Is the area where the belt lives oily


Look in the owner's manual; there's usually a routing diagram. With a half-dozen pulleys to choose from, it's possible, sometimes, to install the Automotive V Belts the wrong way. It might look right, but spinning the a/c compressor or water pump backwards isn't good. If the belt is hard to install or seems to fit poorly, you may have it routed incorrectly. Don't freak-sometimes the water pump is driven by the flat, back side of the belt. Any pulley that has grooves on it is intended to contact the grooved side of the belt. If you need to, sketch the correct routing down before you remove the old belt. As a last resort, check the shop manual.

Most cars provide a common 3/8-in.-sq hole in the tensioner's arm to release the tensioner. Simply use a ratchet to loosen the belt, and unthread it from the pulleys. Inspect the belt for damage. Cracks across the ribs are the most common indication of a belt that's simply at the end of its life span. Little rubber bands of rib, tufts of fiberglass reinforcing belt or disintegrating belt edges are indications of a problem with the pulleys, idlers or tensioners. A high-mileage belt that's just looking worn can simply be replaced. If there are other indications of damage from misalignment, get out the straightedge and make note of what isn't square.

A bent accessory-mounting bracket can make a pulley crooked, and you'll need to realign it. A steel bracket could be bent back into place, but a couple of shim washers might be a better option. If you're replacing a belt because of a fried alternator or seized a/c compressor, don't assume the new accessory or bracket will run true either.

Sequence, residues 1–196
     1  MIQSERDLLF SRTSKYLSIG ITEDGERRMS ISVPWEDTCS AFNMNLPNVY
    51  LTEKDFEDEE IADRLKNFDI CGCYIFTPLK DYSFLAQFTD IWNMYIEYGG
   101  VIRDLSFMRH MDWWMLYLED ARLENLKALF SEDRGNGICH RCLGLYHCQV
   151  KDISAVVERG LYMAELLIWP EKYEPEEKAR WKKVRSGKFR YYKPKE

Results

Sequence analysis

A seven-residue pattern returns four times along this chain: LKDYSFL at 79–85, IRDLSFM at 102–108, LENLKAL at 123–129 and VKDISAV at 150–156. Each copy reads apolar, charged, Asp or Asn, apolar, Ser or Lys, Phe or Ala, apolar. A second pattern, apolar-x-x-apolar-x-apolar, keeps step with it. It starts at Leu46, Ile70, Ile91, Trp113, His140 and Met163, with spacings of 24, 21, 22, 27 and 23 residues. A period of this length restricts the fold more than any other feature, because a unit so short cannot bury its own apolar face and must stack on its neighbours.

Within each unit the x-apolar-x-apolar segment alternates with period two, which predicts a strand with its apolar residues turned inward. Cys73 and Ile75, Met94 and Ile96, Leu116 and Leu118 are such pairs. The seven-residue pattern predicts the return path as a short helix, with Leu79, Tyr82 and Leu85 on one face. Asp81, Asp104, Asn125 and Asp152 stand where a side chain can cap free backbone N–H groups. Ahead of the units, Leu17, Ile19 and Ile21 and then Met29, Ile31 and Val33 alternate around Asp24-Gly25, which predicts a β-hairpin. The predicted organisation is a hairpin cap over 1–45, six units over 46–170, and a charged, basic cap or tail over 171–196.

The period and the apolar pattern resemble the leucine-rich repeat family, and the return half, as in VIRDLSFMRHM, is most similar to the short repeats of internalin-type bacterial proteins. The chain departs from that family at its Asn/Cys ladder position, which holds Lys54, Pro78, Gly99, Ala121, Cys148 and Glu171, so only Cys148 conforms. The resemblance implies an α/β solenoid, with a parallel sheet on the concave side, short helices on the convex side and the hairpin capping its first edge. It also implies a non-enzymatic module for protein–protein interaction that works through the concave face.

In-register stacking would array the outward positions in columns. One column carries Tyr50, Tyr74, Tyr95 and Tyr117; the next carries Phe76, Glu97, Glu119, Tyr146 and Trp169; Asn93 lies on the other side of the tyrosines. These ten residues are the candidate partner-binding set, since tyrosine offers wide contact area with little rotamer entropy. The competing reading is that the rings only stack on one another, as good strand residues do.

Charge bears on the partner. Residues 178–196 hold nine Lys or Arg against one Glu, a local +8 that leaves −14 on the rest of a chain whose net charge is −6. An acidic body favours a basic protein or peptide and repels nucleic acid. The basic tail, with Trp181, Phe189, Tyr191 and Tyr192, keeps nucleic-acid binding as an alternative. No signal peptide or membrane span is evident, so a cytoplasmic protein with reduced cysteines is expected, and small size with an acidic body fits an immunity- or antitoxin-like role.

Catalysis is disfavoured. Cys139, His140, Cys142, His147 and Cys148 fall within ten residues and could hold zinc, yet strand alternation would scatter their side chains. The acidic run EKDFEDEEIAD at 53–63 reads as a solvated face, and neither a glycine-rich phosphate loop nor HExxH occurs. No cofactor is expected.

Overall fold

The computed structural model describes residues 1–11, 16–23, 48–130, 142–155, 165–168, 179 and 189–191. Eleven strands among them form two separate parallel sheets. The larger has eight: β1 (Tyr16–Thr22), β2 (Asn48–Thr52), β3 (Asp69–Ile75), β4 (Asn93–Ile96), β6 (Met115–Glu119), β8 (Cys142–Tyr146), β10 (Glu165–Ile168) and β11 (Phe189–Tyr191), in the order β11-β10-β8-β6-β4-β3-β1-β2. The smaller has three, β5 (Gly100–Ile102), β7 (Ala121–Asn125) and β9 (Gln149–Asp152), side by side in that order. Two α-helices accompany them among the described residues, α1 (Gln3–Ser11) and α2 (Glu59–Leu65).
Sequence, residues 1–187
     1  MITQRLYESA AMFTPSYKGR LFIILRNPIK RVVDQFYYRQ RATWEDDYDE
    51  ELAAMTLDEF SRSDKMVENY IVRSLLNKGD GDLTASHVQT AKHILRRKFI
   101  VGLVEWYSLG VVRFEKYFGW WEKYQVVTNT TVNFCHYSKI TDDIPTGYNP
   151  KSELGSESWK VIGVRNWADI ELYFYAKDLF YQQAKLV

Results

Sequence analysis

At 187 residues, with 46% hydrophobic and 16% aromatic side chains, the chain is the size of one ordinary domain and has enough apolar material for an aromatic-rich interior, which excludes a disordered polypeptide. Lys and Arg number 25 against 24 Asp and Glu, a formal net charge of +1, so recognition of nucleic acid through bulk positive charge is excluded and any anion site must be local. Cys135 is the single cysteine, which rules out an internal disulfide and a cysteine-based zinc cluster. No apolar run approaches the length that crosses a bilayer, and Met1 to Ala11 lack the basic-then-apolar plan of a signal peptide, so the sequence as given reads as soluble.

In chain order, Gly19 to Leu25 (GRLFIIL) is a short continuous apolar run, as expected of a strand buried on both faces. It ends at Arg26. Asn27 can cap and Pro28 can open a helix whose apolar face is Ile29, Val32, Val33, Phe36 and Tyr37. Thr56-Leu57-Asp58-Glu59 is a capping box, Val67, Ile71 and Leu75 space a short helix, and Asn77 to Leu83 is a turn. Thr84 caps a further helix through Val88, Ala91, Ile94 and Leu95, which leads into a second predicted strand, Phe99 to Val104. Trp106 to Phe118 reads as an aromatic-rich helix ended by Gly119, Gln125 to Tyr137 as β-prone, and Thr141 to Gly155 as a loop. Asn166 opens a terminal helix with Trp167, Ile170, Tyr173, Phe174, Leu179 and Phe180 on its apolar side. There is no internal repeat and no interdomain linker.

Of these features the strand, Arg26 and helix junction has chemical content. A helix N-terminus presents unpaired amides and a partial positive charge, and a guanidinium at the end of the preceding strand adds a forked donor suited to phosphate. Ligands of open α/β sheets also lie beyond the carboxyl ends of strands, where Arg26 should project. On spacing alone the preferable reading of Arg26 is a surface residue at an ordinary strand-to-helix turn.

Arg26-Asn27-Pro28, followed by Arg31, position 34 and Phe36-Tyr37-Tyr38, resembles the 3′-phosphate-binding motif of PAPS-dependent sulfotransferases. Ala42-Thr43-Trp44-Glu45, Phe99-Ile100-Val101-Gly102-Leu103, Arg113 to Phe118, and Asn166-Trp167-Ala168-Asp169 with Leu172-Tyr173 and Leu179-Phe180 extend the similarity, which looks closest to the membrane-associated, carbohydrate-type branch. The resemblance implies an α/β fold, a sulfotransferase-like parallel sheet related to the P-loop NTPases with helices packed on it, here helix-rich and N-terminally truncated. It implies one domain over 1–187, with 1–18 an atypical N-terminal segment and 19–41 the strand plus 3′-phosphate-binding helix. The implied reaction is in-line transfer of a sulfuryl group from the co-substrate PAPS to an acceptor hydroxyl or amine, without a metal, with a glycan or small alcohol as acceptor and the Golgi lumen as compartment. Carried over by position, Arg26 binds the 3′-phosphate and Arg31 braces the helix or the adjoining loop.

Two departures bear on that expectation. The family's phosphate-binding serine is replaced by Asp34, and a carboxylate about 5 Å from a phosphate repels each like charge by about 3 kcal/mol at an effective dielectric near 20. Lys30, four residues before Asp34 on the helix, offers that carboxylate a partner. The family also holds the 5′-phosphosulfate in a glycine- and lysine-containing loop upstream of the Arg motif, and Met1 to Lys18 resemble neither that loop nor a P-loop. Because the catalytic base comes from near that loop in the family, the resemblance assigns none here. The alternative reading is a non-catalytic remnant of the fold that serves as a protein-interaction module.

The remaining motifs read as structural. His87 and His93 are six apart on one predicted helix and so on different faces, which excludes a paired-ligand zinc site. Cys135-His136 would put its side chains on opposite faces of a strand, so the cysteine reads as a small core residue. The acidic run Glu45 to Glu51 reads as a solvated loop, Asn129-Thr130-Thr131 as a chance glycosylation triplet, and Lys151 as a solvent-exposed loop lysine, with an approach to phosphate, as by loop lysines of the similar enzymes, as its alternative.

Check the tensioner. The pulley should freewheel smoothly. The spring should have an appropriate amount of tension (which you can check with a belt tension gauge once the belt is installed), and there should be no friction in the pivot. Tensioner assemblies are usually not very expensive. Ditto for any idler pulleys, which should spin freely. We replaced the tensioner on our Suburban and added a drop of threadlocker to the bolt. The tensioner came with a new bolt-nice.

Is the area where the belt lives oily? Engine oil will rapidly degrade the rubber in the belt. Repair any leaky engine seals, like the crankshaft or camshaft front seal, or any gaskets-lest the new belt should go south in short order. Clean up any old oil too.

Check all the pulleys as well. Old rubber or dirt can build up in the bottom of the pulley grooves. You may need to clean the grooves with brake cleaner or a wire brush to remove any debris.

It's a simple matter to install a new tensioner and reinstall the belt, holding the tensioner slack with one hand as you thread the last pulley. Once the belt's in place, start the engine and let it idle for a minute or two. Check the belt tension by looking at the tensioner arm-the mark cast into the tensioner body will fall between the high and low marks if the belt is the correct part number and is installed to see more information.

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